The Claimant's application suffers from a fatal defect, however. At no point prior to the issuance of any of the final orders in the Covered Action did the Claimant qualify as a "whistleblower" in connection with any submission for which Claimant is now seeking an award. The Commission's whistleblower rules provide that, to qualify as a whistleblower for purposes of the Commission's award program, an individual must submit his or her information through the Commission's website, or mail or fax a completed Form TCR to the Commission. See Exchange Act Rule 21F-2(a) & 21F-9(a).
1. This matter concerns Mizuho's failure to maintain and enforce policies and procedures reasonably designed to prevent the misuse of material nonpublic customer order information concerning the repurchase of shares by issuers ("customer buyback order information"), in violation of Section 15(g) of the Exchange Act. In particular, although Mizuho had established certain policies and procedures to prevent the misuse of material nonpublic information, from approximately December 2012 through December 2014 (the "Relevant Period"), Mizuho failed to maintain and enforce its policies and procedures aimed at preventing Mizuho execution and sales traders from disclosing material nonpublic customer buyback order information internally to other Mizuho traders and externally to customers. These policies and procedures required, among other things, effective information barriers between Mizuho equity trading desks and measures to protect confidential Mizuho customer order information, including the identities of buyback customers that had placed trade orders with Mizuho. Mizuho's failures created a risk that Mizuho execution and sales traders could misuse material nonpublic customer buyback order information, including by disclosing the order information to Mizuho customers.2. As a result of these failures, during the Relevant Period, Mizuho's execution and sales traders received confidential issuer buyback trade information on nearly every day that Mizuho executed buyback trades. Moreover, the head execution trader on Mizuho's U.S. Equity Trading Desk was given direct access to Mizuho's International Trading Desk's order management system, which included buyback purchase trade orders, and he also routinely disseminated such information to traders on his desk.3. In addition, on several occasions, Mizuho execution and sales traders disclosed to certain firm customers nonpublic customer buyback order information. The information often included the order size, the limit price, and key terms that indicated to the recipients that the orders were issuer buyback orders. This trade information was valuable to other market participants, particularly given that the party placing the trade was the issuer. Moreover, many of the issuer buyback orders that Mizuho handled during the Relevant Period comprised a significant portion of the daily trading volume in the stocks being bought back, which increased the potential impact of the buyback orders on the prices of those stocks.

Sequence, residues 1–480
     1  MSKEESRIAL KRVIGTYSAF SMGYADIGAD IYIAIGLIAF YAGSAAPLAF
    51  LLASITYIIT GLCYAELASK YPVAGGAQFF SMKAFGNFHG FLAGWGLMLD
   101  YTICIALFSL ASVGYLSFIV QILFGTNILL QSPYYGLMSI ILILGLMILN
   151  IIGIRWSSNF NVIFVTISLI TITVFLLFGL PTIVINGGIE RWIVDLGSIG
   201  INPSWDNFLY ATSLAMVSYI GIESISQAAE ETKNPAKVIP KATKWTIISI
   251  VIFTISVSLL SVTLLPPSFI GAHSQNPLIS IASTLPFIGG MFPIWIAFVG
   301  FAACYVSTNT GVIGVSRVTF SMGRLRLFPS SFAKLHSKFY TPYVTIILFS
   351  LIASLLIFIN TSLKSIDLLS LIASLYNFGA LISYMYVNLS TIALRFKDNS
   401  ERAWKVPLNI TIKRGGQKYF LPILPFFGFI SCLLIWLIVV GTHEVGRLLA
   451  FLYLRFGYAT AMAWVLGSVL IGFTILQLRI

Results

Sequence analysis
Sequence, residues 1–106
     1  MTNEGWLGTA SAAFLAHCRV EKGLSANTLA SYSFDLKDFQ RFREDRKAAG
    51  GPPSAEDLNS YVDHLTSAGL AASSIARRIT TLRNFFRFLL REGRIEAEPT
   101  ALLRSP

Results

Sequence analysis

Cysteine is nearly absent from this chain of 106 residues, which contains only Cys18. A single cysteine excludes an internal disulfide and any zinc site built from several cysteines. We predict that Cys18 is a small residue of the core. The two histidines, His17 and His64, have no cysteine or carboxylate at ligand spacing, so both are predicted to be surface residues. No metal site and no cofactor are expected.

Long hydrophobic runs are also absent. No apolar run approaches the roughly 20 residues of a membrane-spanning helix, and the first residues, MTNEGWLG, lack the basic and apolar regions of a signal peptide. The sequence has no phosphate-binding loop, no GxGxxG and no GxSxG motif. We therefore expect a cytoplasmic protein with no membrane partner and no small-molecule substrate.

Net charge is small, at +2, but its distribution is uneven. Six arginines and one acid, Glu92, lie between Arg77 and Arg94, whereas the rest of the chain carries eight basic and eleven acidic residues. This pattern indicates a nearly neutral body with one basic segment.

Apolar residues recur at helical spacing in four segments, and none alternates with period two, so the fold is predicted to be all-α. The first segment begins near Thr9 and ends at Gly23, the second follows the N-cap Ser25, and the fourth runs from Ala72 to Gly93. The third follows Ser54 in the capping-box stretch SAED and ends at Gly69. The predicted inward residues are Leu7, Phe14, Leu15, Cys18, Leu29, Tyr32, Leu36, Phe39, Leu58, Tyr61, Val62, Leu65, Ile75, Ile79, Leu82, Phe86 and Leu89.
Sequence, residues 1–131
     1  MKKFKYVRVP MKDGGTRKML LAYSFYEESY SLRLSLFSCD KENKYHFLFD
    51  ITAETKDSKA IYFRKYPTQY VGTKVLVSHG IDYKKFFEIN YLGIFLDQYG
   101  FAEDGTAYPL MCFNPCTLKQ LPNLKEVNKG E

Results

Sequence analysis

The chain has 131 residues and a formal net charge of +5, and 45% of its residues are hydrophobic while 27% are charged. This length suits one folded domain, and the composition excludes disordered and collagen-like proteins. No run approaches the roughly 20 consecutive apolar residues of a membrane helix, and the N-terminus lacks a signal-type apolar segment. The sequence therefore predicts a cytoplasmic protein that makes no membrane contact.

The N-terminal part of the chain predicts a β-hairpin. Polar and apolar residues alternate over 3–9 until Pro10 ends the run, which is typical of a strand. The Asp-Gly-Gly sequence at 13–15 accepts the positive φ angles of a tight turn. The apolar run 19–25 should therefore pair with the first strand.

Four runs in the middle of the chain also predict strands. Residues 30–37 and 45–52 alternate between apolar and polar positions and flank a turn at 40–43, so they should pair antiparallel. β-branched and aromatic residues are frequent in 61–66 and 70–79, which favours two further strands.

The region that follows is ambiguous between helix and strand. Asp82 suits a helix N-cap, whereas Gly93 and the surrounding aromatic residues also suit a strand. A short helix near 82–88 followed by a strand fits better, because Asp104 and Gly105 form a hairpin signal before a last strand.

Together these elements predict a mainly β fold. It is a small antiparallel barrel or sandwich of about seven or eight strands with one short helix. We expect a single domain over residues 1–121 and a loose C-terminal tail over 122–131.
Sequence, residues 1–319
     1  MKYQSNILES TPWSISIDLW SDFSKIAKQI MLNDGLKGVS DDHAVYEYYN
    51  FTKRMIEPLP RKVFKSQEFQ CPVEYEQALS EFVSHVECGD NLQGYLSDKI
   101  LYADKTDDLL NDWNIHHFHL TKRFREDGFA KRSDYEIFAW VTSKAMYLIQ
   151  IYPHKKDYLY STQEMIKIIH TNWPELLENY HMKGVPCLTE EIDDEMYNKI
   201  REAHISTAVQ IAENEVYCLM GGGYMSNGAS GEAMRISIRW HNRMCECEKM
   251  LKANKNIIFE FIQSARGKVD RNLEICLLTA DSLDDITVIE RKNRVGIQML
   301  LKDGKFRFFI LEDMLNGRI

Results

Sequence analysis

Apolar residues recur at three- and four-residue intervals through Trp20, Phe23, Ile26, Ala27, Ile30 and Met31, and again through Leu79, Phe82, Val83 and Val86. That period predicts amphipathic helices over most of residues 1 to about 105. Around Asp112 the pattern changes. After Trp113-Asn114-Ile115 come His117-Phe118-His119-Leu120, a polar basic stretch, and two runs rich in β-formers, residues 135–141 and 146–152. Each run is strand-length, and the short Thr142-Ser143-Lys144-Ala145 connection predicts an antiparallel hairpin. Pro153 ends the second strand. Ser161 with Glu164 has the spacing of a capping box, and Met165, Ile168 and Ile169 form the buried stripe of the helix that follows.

Staff Letter: Dalia Blass, Director, Division of Investment Management, January 18, 2018Responses to Staff Letter:
Van Eck Associates Corporation, July 20, 2018SIFMA Asset Management Group, May 14, 2018CBOE Global Markets, March 23, 2018